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Mental health outcome measures in environmental design research: A critical review

Originally Published:
Key Point Summary
Key Point Summary Author(s):
Roebuck, G.
Key Concepts/Context

While recent studies show a relationship between well-being and the built environment, few focus specifically on mental health. This study found that access to nature and other design elements of the built environment can improve positive affect (pleasurable feelings), vitality (energy or aliveness), executive functioning (memory, concentration), mood, and general well-being—while also decreasing cortisol (stress). The findings highlight the beneficial relationship between environment and mental health outcomes and identify inconsistencies in the built environment research methodology.


This critical review identified themes around the impact of the environment on mental health outcomes.


Researchers completed a critical review of articles published between 2008 and 2019 that explored the impact of environmental variables on mental health. Because a meta-analysis was not possible with the reported results, researchers conducted a thematic analysis.

Articles were pulled from seven long-standing journals that scholars and practitioners widely use in environmental psychology. Researchers reviewed 841 articles related to the impact of built and natural environment variables – such as nature exposure – on health and well-being outcomes. Articles were further narrowed down according to inclusion criteria by reviewing the abstract and full text. The reviewers then entered key components of each study that met the selection criteria into a database, including: (1) research design, (2) sample size, (3) type of environment, (4) type of environmental exposure for participants, and (5) independent and dependent variables. Only articles on mental health outcomes with consistent and reliable mental health rating scales were included. In total, researchers selected 65 papers containing 69 studies. The top three study designs consisted of cross-relational (54%), experimental (29%), and quasi-experimental studies (12%).

After the analysis, the researchers identified challenges and trends in research to describe and measure the built environment and six themes of mental health outcomes:

  • Positive affect (feeling alert, energetic, and social) and negative affect (subjective distress, anger, fear)
  • Mood and mood disorders (a sustained emotional state)
  • Vitality (feeling of energy, aliveness)
  • Executive functioning (access to working memory and concentration)
  • Physiological biomarkers for mental health (heart rate, blood pressure, cortisol)
  • General mental well-being.
Design Implications
Integrating green space into treatment centers, healthcare facilities, and other healthcare sites can help improve patient and staff short-term and long-term moods, life satisfaction, general well-being, and mental health. Green spaces should be open and offer extensive visibility (to avoid negative affect from obstructed views). Healthcare organizations should prioritize green spaces for environments where services are provided to vulnerable populations.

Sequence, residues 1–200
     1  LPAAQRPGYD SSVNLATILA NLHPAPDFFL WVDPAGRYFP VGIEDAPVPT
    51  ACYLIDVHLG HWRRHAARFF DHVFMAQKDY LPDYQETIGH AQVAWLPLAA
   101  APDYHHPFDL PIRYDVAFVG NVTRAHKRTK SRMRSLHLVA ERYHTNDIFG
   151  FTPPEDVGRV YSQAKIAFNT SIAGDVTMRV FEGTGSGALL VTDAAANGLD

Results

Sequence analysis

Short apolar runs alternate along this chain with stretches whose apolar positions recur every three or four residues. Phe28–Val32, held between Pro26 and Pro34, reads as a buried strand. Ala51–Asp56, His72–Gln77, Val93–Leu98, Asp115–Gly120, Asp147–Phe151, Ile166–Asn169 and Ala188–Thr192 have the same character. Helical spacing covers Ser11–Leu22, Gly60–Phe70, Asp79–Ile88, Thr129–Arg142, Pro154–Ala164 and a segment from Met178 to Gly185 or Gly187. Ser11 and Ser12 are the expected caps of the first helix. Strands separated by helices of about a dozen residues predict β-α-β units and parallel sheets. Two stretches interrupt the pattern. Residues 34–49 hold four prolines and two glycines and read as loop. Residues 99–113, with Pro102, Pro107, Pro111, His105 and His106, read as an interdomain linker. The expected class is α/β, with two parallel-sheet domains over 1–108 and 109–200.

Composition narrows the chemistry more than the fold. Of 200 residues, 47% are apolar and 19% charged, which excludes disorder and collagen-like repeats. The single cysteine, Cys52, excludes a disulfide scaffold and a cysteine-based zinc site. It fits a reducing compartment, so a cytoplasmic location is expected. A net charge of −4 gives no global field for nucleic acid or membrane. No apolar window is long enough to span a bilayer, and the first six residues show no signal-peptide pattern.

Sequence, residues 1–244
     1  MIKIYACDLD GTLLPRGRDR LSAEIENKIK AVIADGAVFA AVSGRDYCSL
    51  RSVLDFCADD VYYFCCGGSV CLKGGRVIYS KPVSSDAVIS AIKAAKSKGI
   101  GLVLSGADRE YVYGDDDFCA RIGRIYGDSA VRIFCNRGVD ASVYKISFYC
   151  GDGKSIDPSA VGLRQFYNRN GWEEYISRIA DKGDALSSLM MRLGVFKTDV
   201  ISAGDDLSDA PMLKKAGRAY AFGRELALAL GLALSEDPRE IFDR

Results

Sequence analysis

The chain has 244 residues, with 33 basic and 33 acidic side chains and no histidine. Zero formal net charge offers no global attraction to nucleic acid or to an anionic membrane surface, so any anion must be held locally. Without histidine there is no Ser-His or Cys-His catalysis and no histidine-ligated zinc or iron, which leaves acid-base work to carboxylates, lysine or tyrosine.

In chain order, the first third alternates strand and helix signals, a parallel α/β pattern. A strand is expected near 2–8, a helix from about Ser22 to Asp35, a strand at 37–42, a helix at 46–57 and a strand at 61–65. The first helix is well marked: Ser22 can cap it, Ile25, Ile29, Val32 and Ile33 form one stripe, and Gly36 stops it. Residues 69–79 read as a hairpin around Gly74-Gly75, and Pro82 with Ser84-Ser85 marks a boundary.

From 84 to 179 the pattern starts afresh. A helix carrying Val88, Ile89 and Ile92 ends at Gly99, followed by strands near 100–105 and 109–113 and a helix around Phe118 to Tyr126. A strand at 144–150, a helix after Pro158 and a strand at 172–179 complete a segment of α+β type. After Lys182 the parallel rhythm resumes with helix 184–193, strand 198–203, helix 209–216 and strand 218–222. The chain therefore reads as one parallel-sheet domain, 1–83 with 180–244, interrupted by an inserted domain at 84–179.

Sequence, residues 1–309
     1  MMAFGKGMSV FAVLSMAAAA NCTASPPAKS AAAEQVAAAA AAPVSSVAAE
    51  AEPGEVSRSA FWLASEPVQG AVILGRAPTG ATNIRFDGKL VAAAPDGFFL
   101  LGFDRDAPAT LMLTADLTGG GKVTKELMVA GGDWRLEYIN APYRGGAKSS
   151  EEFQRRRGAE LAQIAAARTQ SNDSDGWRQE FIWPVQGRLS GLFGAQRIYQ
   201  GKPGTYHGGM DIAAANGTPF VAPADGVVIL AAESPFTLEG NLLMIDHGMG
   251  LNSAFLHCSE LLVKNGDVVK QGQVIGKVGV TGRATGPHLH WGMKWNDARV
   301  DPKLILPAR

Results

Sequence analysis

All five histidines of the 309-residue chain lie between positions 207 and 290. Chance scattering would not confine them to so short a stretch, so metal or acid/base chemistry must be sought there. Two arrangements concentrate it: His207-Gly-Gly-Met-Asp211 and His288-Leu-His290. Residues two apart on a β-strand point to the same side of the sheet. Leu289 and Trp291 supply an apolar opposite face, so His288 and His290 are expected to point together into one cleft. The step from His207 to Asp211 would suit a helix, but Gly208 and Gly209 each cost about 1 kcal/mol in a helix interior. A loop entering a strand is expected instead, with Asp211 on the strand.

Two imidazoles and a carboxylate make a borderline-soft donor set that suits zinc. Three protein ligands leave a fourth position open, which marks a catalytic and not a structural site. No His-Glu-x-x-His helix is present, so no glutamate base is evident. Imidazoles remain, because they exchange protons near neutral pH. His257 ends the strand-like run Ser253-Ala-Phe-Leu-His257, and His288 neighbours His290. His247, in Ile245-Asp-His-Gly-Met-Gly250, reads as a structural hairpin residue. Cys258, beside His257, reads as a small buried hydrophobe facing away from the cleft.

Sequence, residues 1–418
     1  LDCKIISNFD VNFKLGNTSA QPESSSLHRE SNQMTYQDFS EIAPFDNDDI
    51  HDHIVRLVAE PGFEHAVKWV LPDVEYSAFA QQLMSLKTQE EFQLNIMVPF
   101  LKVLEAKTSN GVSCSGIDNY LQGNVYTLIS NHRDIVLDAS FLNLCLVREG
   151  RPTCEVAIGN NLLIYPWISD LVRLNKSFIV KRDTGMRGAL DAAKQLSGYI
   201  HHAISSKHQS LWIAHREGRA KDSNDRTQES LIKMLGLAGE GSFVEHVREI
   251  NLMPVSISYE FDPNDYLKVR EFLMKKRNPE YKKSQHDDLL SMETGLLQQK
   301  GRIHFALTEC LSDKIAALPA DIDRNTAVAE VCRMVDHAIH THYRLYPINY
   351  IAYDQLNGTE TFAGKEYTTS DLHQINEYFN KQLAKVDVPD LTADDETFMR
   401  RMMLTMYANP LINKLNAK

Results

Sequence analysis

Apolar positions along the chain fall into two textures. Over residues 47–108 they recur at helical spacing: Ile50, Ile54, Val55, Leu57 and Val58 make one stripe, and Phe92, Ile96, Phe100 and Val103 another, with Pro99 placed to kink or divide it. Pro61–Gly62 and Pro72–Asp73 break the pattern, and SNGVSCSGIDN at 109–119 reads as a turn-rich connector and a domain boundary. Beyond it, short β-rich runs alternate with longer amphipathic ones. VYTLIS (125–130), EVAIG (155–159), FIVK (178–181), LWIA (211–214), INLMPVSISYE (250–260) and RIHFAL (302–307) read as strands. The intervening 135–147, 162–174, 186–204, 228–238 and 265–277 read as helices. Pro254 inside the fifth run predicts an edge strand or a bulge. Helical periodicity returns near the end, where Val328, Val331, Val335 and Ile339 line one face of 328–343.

Impact on Mental Health

  • Nature exposure had a significant relationship with positive affect and mood, with a particularly strong impact on nature exposure for vulnerable populations, such as “children with autism spectrum disorder, low-income households, and high-stress groups.”
  • Outdoor nature exposure had a positive impact on feelings of energy and aliveness (vitality)
  • Indoor and outdoor nature exposure and quality and quantity of light significantly impacted task performance (executive functioning) and vitality.
  • Indoor and outdoor nature exposure reduced stress and increased well-being.

Challenges and limitations in research on environment and mental health outcomes:
Research studies in this review focused on a variety of independent variables, including vegetation density, nature exposure, and design elements such as light and sound. There is a lack of consensus among researchers regarding how to measure, describe, and categorize green space. Methods included site visits, photo-elicitation, Geographic Information Systems (GIS) analysis, and self-reported environmental descriptors. There was a lack of specificity of types of green space (e.g., a lawn was in the same category as a forest). Studies on indoor environments only looked at isolated variables, such as lighting or noise, and excluded key factors and context, such as location, enclosure, and size. The authors found that studies looking at mental well-being often use abbreviated subsets of larger scales and don’t report on internal consistency. Additionally, measures of short-term emotions are used as mental health outcomes rather than longer-term metrics, such as mood or behavior. Physiological markers showed much less sensitivity and significance than self-reported measures.


The study only used articles from a few widely reputable environmental psychology research journals; this might have excluded relevant studies. Keywords used to find studies were broad (e.g., “well-being”), and could have missed studies on other mental health conditions.

Key Point Summary Author(s):
Roebuck, G.
Primary Author
Shin, J.
Paper Type